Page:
Digital Transmission for TV – UPSC GS3

The broadcast regulator TRAI has recommended introduction of digital terrestrial transmission for broadcast services in a phased manner and complete shutdown of Analog transmission by end of 2023.
At present, terrestrial TV broadcasting in India is under the exclusive domain of Doordarshan (Prasar Bharati), the Public Service Broadcaster and it is predominantly Analog.
While a large number of TV channels are available to the consumers through various delivery platforms such as DTH, Cable TV, IPTV, HITS etc., the existing terrestrial TV platform provides only a few channels which do not offer a value proposition to the viewers.
 Recommendations made by TRAI:
  • Private players should be permitted to provide DTT services along with the public service broadcaster.
  • Public broadcaster may be permitted to operate maximum three transmitters at a given location out of which one may be exclusively used for provision of mobile TV services.
  • Private broadcasters may be permitted to operate maximum four transmitters (with spectrum capacity of 8 MHz each) at a given location subject to availability of spectrum.
  • Maximum number of DTT providers may be capped at five (one public broadcaster and four private broadcasters) as per availability of spectrum.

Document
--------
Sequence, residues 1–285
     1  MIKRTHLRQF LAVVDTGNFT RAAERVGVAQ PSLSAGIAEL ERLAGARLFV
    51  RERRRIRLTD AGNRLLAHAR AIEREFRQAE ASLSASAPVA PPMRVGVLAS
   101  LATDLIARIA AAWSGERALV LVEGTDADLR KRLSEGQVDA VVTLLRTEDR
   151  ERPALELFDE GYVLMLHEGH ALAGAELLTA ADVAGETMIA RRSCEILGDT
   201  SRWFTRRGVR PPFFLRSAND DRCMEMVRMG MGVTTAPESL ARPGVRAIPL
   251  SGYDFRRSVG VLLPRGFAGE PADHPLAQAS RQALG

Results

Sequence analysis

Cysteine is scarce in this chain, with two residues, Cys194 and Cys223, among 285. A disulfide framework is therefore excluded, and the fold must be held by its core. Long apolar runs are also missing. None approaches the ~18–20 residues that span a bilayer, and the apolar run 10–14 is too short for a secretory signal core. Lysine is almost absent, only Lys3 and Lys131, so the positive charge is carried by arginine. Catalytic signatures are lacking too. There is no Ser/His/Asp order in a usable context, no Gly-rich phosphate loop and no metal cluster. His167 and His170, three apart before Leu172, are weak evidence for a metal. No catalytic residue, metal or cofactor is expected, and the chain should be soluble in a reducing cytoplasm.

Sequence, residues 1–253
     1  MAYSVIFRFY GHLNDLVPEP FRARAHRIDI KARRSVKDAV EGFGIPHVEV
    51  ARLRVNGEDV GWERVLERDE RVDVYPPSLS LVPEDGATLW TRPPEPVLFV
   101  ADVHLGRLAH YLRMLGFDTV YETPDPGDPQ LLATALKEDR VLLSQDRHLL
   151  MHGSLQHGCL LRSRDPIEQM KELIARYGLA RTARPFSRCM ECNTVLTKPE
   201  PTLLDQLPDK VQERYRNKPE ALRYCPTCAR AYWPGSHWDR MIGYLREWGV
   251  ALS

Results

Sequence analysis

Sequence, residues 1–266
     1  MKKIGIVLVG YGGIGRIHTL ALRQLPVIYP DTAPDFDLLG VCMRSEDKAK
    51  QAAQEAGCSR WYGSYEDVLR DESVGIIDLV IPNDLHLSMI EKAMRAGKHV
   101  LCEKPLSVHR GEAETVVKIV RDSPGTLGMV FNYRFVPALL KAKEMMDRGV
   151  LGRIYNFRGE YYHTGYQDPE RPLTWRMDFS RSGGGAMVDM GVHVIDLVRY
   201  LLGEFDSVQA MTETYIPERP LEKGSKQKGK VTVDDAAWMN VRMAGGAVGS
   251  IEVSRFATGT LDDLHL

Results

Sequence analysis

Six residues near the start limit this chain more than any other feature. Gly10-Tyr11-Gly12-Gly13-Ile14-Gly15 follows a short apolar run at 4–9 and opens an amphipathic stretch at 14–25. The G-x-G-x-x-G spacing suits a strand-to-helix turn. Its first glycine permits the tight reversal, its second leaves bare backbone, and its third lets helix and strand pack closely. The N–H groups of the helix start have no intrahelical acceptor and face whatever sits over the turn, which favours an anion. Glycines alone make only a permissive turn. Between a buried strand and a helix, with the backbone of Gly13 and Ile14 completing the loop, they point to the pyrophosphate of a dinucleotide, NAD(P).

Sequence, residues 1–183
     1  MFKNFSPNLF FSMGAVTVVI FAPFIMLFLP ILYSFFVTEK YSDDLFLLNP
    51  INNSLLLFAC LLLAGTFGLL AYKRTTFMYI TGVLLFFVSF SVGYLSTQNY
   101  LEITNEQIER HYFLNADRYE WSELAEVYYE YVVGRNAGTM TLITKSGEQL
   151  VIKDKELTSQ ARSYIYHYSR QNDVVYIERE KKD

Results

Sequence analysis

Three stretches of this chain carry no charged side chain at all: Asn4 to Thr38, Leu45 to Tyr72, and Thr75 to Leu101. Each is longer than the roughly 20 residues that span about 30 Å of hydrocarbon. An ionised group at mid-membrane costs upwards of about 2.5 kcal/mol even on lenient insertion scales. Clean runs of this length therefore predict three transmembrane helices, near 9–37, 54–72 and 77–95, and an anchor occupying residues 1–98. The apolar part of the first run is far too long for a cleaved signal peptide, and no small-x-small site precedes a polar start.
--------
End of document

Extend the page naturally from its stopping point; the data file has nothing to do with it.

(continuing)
• Trai has recommended that DTT should be deployed in metros by December 2019 in phase 1, cities having more than 10 lakh population as per Census 2011 should be covered by December 2021 and rest of India by December 2023.
Advantages of DTT:
  • There are a number of advantages of digital terrestrial television.
  • The platform is content agnostic and can be adapted to handle new forms of content.
  • Frequency use is much more efficient, allowing for the transmission of 20 to 30 SD channels in the spectrum occupied by a single television channel in an analog signal.
  • DTT offers better quality of images and sound as compared to analog signals.
  • A combination of DTT transmitters at a single location can provide consumers with a range of content options, including radio and video feeds of various qualities.
  • The DTT transmitters have lower power requirements than traditional analog transmitters. The signals can be received easily by moving vehicles and mobile phones.
  • DTT transmitters can facilitate mobile data offload services, for better use of available resources.
Practice worldwide:
Luxembourg was the first country to shift from analog TV in 2006. Countries in the Americas and Europe followed suite. China is expected to shift by 2018, and Brazil has plans to shut off analog TV towers by 2023.

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